Health insurance costs Florida women as much as 52 percent more than men — up to $1,141 more on average each year —because of a gender gap that has existed for decades, a report said Monday.
And that doesn’t include the extra cost of maternity coverage.
Florida is one of 39 states that allow insurers to charge different rates based on gender. Young and middle-aged women pay more because they tend to use more health care, insurance experts said. Florida’s gender gap in rates is in line with the rest of those states.
“Women go to the doctor more. Young men still have that invincible attitude and don’t go unless someone makes them,” said Michael Caplan, a partner at Insurance Depot agency in Margate.
The question is whether it’s good public policy to make women bear the cost of biology, rather than spread the cost across society, said Mary Beth Senkewicz, an insurance consultant who was Florida’s deputy insurance commissioner until last fall.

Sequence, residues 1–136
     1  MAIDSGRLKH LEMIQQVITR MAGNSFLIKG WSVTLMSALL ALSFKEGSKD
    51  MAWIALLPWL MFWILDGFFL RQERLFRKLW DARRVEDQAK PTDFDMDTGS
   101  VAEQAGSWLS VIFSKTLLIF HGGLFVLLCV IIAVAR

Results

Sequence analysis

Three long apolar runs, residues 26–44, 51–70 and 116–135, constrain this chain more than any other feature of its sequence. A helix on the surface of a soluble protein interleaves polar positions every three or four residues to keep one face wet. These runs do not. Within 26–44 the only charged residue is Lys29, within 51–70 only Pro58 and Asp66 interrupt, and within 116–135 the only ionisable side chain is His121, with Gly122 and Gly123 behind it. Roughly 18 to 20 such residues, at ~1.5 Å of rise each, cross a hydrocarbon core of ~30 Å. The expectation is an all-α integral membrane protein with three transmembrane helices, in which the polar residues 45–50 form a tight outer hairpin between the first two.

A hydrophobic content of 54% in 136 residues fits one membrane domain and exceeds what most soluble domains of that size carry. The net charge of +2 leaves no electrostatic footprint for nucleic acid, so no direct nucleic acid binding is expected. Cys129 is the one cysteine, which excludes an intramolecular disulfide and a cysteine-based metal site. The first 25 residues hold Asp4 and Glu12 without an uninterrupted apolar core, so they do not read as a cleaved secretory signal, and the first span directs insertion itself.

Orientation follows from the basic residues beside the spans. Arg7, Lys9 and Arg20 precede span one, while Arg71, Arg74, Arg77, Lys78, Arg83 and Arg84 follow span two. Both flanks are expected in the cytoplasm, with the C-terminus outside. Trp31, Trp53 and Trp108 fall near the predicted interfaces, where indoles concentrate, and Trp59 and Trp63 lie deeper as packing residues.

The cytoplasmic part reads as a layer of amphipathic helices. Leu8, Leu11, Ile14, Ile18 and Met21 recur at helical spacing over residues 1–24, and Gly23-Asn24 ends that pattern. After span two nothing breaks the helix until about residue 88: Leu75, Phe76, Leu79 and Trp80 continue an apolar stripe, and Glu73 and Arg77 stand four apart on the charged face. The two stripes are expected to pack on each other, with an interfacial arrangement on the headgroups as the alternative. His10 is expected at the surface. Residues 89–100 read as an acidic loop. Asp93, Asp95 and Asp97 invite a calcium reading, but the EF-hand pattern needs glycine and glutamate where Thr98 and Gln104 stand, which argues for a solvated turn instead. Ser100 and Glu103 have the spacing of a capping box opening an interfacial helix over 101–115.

The health overhaul passed by Congress in 2010 will eliminate the gender gap in rates as of 2014.
Monday’s report came from the National Women’s Law Center, which favors ending the gap. It looked at individual health policies, but not group policies most people get at work, which do not have gender-based rates.
The report found Florida women with individual policies pay 10 percent to 26 percent more than men at age 25, and 20 percent to 52 percent more at 40. Middle-aged women paid $599 to $1,141 more per year on average, depending on coverage.
At 55, the gap in rates has disappeared, the report found. Insurance experts said men consume more health care than women — and pay higher rates — starting at about age 50.